Renu Devi, a member of the Bharatiya Janata Party (BJP), recently became the Deputy Chief Minister of Bihar after the party, via its National Democratic Alliance (NDA), was elected to form a government in the state with Nitish Kumar as Chief Minister. Along with co-Deputy CM Tarkishore Prasad, Devi was sworn into her role on November 16, creating history as the first woman elected to the said office.
But it is not only on account of her gender that Devi’s election is so significant to politics. The 62-year-old notably belongs to the Noniya (or Teli) caste of Bihar, counted among the Extremely Backward Castes (EBC) in the state. To see a doubly jeopardised individual – through caste and gender both – being elevated to a senior role in the ruling party is an empowering move. Does it indicate a positive turn of events in Indian politics where oppressed people will find larger space? How impactful a step is Devi’s election in the fight for the upliftment of women and the de-powering of caste hierarchy?
Will Renu Devi’s Election Pave The Way For Inclusive Politics?
Devi, a four-time MLA from Bettiah, is apparently known locally as a “lambi race ki ghodi,” indicative of her longstanding presence in Bihar’s political scenario. The low-profile but seasoned politician claimed she was not aware of her election to the Deputy CM post until she heard from well-wishers. “I heard about it from TV and from people who called to congratulate me… I will work in whatever role party bestows upon me,” she said.
Devi’s election to her new role is being touted by experts as the BJP’s gainful attempt over a wider demographic since caste plays an important factor in Bihar politics. But does her election mean something more? How should one aggregate the presence of a backward caste woman in one of the highest offices in Bihar?
Tara Krishnaswamy, the founder of Shakti, a non-partisan women’s collective that focuses on women leaders, tells us, “It certainly provides inspiration for women aspiring to get to the top and women from EBCs. Especially because she didn’t get there through connections. She came up through electoral politics. People from these communities will feel hopeful that it’s possible to work your way up the party ladder.”
Does Devi’s election signal a better representation of low-caste women in politics? Krishnaswamy feels this is a move in the right direction, but will need a lot more effort: “In terms of numbers we don’t have too many women who have been elected. In terms of progress that women’s representation is making, I don’t think her appointment alone will change that. All such posts are almost always appointments based on various caste parameters, so hers is not unique. But the fact that a woman was able to get there is significant.”
Should Differing Ideologies Stop Us From Cheering Renu Devi?
What of Devi’s political ideologies? How much role will that play in putting her in favour with the public? Will clashing ideologies overshadow the significance of her becoming a Deputy CM? “If you’re an aspiring young woman, you look at how various women have a place in politics. And a lot of politicians are even switching between parties now. To you and I the ideology may be important, but when it comes to political players, they don’t think the hold is very important,” Krishnaswamy says.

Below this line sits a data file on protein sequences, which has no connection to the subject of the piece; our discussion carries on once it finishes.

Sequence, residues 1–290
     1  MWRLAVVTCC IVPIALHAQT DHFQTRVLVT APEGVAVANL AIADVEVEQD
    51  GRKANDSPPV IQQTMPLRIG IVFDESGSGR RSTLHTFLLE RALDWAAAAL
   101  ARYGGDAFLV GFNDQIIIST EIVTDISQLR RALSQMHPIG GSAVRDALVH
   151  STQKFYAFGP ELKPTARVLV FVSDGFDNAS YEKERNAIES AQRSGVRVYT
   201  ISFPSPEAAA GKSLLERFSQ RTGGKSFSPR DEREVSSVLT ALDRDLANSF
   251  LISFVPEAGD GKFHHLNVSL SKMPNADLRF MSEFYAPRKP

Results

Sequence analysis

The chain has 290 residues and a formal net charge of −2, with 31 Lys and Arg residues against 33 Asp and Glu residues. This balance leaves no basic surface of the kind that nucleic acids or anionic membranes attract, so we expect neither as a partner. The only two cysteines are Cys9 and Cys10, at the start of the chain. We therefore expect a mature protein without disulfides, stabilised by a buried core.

The general understanding then is that Devi’s election as Deputy CM holds enough water by itself to be a landmark in Bihar politics, notwithstanding her political leanings. She has been associated with the RSS and BJP for donkey’s years now, but to the general public in Bihar, do the intricacies of political discourse matter, as long as they’re getting the promised welfare schemes and services? Moreover, should the reading-debating public allow ideology to override positive achievements?
Journalist Faye D’ Souza in a previous conversation with us on women in politics, said, “The important part is for women to be recognised and treated as power sources. I would like to see more women in parliament from any party, and more women in positions of power. And not just in smaller, fluffy ministries but running important ministries.”
Watch the full conversation here:
Tracing Ranu Devi’s Political Journey
Devi started her career in politics as a social activist back in 1981, and joined the BJP in 1988 as a part of its ‘Mahila Morcha’ (women’s wing). Her interest in politics was led by an inspiration from her mother who was associated with the Sangh Parivar. Hence her close association with Rashtriya Swayamsevak Sangh (RSS) since childhood. She contested her first election for the BJP in 1995 from the Nautan Assembly seat and lost. But that didn’t hold her back.
In 1999, she became the head of the women’s wing of the party in the Champaran region in Bihar and served as the wing’s state head in 1993 as well as in 1996. She was also the Minister of Sports, Arts, and Culture in the Bihar State Government from 2005 to 2009. She became Vice President of the party in 2014.
Krishna Raj, a 23-year-old journalist hailing from Patna, Bihar, tells us, “I remember visiting Ranu Devi’s house several times when I was younger. I’ve seen her giving people food to people in her constituency out of her own money. She’s very reserved and talks less, but supports women extensively. She has been a messiah for poor people in the state by making sure her welfare schemes reach the grassroots. She’s a leader who has consistently maintained a low profile but has a strong organisational background.”
A widowed mother of two, Devi has made a big political statement not just for herself but for women in politics after her win in the 2020 Bihar election.
Views expressed are the author’s own.